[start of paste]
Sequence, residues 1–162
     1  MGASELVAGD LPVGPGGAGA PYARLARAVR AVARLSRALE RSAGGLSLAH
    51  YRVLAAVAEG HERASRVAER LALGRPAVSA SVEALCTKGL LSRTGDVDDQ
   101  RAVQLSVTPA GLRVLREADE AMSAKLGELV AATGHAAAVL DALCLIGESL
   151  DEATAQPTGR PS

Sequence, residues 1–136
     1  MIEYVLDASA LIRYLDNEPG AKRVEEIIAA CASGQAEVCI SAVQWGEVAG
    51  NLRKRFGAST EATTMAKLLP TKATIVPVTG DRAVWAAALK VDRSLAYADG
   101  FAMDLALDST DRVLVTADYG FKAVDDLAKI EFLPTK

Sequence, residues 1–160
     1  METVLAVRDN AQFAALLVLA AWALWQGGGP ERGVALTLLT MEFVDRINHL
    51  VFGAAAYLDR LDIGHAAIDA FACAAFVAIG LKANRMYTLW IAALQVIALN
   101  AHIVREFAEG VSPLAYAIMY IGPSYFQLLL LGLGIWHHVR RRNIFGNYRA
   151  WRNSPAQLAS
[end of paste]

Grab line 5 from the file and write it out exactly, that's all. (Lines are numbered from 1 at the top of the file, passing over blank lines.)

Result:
   151  DEATAQPTGR PS